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Intervention for Domestic Violence

Battering is a systematic pattern of violent, controlling, coercive behaviors intended to punish, abuse and ultimately control the thoughts, beliefs and actions of the victim.


What is Domestic Violence?

(Also referred to as Battering )


Battering is a pattern of behavior used to establish power and control over another person through fear and intimidation, often including the threat or use of violence. Battering happens when one person believes they are entitled to control another. Assault, battering and domestic violence are crimes.

Definition: Abuse of family members can take many forms. Battering may include emotional abuse, economic abuse, sexual abuse, using children, threats, using male privilege, intimidation, isolation, and a variety of other behaviors used to maintain fear, intimidation and power. In all cultures, the perpetrators are most commonly men of the family. Women are most commonly the victims of violence. Elder and child abuse are also prevalent. Acts of domestic violence generally fall into one or more of the following categories:

  • Physical Battering – The abuser’s attacks or aggressive behavior can range from bruising to murder. It often begins with what is excused as trivial contacts, which escalate into more frequent and serious attacks.

  • Sexual Abuse – Physical attacks by the abuser is often accompanied by, or culminates in, sexual violence wherein the woman is forced to have sexual intercourse with her abuser or take part in unwanted sexual activity.

  • Psychological Battering – The abuser’s psychological or mental violence can include constant verbal abuse, harassment, excessive possessiveness, isolating the woman from friends and family, deprivation of physical and economic resources and destruction of personal property.

Battering escalates. It often begins with behaviors like threats, name calling, violence in her presence ( such as punching a fist through a wall ), and/or damage to objects or pets. It may escalate to restraining, pushing, slapping, and/or pinching.

The battering may include punching, kicking, biting, sexual assault, tripping, throwing. Finally, it may become life threatening with serious behaviors such as choking, breaking bones, or the use of weapons.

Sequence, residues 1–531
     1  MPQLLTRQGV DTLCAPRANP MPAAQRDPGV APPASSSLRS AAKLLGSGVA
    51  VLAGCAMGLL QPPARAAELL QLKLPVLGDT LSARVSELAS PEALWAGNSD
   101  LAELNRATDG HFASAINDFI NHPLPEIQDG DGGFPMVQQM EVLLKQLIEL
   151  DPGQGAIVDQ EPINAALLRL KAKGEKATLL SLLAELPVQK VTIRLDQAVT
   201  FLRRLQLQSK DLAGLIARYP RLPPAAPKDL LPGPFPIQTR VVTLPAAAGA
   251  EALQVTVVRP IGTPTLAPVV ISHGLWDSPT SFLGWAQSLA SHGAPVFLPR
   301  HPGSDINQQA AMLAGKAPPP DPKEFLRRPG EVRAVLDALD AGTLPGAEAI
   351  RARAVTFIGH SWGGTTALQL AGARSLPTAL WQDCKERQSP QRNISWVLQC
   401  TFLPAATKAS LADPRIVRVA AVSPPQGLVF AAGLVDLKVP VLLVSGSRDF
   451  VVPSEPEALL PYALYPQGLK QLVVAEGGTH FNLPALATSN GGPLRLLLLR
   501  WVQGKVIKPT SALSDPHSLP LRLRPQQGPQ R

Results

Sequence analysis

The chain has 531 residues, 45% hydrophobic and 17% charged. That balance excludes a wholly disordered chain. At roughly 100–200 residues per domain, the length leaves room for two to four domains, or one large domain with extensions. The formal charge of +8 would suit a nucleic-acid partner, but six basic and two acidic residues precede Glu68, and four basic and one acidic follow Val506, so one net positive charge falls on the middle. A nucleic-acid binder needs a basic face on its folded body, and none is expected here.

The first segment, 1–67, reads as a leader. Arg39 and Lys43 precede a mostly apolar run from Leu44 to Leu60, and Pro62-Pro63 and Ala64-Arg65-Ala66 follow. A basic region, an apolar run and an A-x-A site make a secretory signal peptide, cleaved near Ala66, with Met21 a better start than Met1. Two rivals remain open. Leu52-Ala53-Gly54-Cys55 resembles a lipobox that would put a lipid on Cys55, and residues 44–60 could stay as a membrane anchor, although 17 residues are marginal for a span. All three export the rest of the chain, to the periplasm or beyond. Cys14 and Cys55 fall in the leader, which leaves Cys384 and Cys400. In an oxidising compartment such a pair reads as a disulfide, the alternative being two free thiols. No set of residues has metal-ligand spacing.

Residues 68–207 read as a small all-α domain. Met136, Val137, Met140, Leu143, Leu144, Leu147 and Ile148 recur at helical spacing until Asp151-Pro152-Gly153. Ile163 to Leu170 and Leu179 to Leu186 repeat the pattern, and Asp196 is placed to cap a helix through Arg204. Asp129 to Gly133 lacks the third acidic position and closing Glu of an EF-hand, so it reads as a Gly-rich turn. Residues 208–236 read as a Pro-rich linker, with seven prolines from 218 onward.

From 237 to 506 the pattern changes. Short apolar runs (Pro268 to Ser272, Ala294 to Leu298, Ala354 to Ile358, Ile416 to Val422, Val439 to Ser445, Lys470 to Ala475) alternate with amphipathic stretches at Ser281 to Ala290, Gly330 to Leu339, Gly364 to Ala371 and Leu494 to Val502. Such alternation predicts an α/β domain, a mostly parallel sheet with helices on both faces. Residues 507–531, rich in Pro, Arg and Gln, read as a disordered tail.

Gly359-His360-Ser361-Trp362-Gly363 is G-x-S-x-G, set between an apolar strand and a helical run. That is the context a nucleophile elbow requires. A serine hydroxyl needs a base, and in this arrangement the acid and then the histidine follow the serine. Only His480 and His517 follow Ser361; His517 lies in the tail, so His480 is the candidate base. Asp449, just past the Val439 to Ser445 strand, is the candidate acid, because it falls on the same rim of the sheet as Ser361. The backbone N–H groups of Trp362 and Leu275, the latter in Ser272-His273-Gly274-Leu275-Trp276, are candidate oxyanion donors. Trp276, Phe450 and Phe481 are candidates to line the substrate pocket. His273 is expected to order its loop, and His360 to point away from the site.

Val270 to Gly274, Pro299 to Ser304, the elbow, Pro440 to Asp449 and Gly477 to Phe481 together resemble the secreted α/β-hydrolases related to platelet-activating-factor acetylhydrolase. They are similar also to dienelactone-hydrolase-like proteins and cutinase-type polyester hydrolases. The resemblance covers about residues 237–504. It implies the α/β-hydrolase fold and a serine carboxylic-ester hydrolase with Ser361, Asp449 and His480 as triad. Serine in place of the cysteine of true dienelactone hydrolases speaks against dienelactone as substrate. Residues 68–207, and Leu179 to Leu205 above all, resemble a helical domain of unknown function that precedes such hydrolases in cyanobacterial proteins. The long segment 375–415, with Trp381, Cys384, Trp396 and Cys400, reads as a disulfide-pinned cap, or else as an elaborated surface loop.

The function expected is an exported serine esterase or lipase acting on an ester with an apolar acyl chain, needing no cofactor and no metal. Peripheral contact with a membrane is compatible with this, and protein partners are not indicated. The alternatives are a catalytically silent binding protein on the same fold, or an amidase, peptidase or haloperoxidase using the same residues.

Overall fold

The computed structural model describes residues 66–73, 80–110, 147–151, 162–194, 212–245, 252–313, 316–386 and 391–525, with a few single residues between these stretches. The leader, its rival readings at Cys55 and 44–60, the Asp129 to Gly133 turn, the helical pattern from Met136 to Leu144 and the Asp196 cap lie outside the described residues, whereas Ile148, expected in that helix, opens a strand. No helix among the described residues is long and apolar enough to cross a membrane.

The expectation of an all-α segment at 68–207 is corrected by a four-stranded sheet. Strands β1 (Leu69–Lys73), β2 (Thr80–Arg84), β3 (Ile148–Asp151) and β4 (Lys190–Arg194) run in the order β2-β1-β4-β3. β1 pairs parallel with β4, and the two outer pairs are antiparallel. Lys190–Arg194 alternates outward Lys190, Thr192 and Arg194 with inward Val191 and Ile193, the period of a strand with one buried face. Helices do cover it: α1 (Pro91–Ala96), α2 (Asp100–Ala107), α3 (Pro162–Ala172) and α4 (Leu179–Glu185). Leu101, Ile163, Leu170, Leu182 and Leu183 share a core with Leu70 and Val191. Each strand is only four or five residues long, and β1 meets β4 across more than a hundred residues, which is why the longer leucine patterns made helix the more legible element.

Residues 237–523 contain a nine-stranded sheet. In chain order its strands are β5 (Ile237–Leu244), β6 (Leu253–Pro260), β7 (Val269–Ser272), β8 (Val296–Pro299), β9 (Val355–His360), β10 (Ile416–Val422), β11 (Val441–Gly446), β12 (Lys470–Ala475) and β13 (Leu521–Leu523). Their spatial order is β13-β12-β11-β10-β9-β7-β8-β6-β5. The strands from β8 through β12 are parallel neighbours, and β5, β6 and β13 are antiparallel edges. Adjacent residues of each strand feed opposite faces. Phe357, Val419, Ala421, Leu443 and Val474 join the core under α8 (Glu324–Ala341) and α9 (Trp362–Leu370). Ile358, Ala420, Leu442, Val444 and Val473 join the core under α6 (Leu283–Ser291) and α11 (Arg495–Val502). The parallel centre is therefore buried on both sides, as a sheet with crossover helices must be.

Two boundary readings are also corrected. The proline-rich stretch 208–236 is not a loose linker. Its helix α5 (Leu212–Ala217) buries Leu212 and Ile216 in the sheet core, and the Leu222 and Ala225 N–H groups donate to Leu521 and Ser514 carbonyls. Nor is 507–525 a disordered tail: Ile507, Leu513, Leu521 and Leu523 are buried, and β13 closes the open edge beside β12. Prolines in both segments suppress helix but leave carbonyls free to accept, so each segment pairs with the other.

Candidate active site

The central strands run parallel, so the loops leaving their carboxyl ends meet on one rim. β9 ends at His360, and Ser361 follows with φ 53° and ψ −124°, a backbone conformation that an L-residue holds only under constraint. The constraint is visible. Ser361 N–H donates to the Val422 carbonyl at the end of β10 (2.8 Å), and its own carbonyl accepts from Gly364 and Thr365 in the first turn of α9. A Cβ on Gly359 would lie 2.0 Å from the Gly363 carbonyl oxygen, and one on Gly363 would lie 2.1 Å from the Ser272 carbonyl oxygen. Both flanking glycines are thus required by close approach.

Violence and Non-Violence Wheels


Violence Wheel                                                                       Non-Violence Wheel













It’s easy to fall into the trap of “Blaming” the victim, especially when she has admitted to the abuse and may “even” have asked for help several times. Statistics indicate that a woman will be assaulted at least 3.5 times before asking for help.

Often the psychological affects of battering cause the victim to retract their plea for help – resulting in dropping charges that may have been placed on the abuser. The victim often feels confused and guilty and continually blames themselves for the batterer’s abusive behavior.

Domestic violence is a pervasive cycle that often escalates to severe injury, hospitalization and death if not intervened upon.

If you, or a loved one is a victim of domestic violence it is imperative that you seek professional help to break the cycle before it is too late.

Often the batterer and the severity of his condition is ignored or criminalized. The repeat abuser becomes addicted to his “tension” release, and it is often learned behavior that is subtilely “socially acceptable” or at best ignored.

For the cyclical abuser, he releases the pent-up tension and rage of the torment within. It is the only way he knows to rid himself of his bad feelings. Without help – he, at best, continues to destroy potentially healthy relationships ultimately leading to abandonment and incarceration. There is help for the batterer too.


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